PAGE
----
Learning from Lean

The Lean methodology is a method for making things. Originally developed for manufacturing, today it is used in healthcare, programming and other business areas. Lean is an adaptation of the Toyota Production System, a set of principles and methods developed in Japan in the 1950s for creating high quality, reliable cars at a reasonable price.

In a nutshell, Lean’s approach is to:

Maximise the value to the customer


minimise waste.

Lean is a never ending process. You constantly seek out waste, strive for perfection, look for maximising the value. Agile shares this philosophy of continuously striving for perfection, looking to maximise the value to the customer and avoid time wasted on activities that don’t add value.

About value

In Lean, you start by understanding what the customer values in the product. Once you’re able to define value, you can then pinpoint where and how value is added during the development process.

You focus your efforts on ensuring that resources are targeted to deliver that value as effectively and efficiently as possible.

If a feature or a step in the development process doesn’t add value, it is seen as a “waste”. In Lean, you challenge whether those “wastes” in the development process are needed or if they should be eliminated.

The result is an emphasis on providing the value customers are willing to pay for, whilst simultaneously identifying where you can reduce costs.

About waste

Waste is categorised into eight types in Lean. However, we can simplify things by looking at the three original wastes that were defined in the Toyota Production System.

The three types of waste are: “non-value adding work”, “overburden” and “unevenness”. Non-value adding work can mean the waste of time and effort on activities or features that don’t give the user any value. Overburden can mean someone having more work to do than they can handle, which often leads to mistakes, defects and poor quality. Unevenness can mean the times when you have to stop or slow down, while you wait for someone else to give you a item needed in order to do the work. Instead, our goal is to have a consistent, productive rhythm to our work.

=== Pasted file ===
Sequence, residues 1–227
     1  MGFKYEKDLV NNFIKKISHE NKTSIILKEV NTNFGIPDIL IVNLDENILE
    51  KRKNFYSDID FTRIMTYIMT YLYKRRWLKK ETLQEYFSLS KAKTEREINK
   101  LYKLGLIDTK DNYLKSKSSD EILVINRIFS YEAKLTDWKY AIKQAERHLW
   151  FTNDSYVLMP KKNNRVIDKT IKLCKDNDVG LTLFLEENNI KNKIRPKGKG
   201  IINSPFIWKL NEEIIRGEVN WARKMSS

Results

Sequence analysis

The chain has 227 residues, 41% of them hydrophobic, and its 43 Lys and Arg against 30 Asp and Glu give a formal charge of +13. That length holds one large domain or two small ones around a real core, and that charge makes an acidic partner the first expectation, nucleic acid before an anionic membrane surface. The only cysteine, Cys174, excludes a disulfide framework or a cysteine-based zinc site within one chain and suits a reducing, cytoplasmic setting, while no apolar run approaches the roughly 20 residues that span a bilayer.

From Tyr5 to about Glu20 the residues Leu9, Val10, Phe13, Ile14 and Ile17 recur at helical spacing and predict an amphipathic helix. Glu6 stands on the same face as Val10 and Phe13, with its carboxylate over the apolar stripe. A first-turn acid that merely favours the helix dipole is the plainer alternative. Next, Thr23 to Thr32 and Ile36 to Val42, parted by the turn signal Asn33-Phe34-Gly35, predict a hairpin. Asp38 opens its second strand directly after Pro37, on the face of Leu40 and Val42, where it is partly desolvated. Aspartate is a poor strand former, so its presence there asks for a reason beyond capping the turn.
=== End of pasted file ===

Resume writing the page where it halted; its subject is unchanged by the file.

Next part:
Why look at Lean instead of Agile?

Agile has developed processes and methods for reducing wastes for developers. However, these processes and methods can result in waste appearing at other points in the overall process, such when we create the end-user documentation.

For example, we might find that leaving documenting to a late stage in the development process in order to avoid the wastes caused by creating content that’s not needed or requires reworking is a false economy. This approach could be more wasteful than starting the project earlier. Using Lean can help us identify how to eliminate or minimise those wastes.

We can look at value and waste from two aspects – during production and during the use of the product by the user. This we’ll begin to do in Part two of this series.

Explaining complicated stuff using simple words

Book coverRandall Munroe’s latest book Thing Explainer will be released tomorrow. In the book, Munroe uses line drawings and only the thousand most common words to provide simple explanations for complicated objects.

It’s good practice to use words that are commonly understood. In some industries, Technical Authors have to write using only a limited list of approved words  (a “controlled vocabulary”). For example, there are controlled vocabularies for aircraft maintenance manuals, because some maintenance engineers have a only limited amount of English.

Sometimes, the word “stuff” doesn’t help the reader to understand. So what do you do when readers need to understand the small differences between objects, particularly when they can have a big effect on what happens next?

XKCD cartoon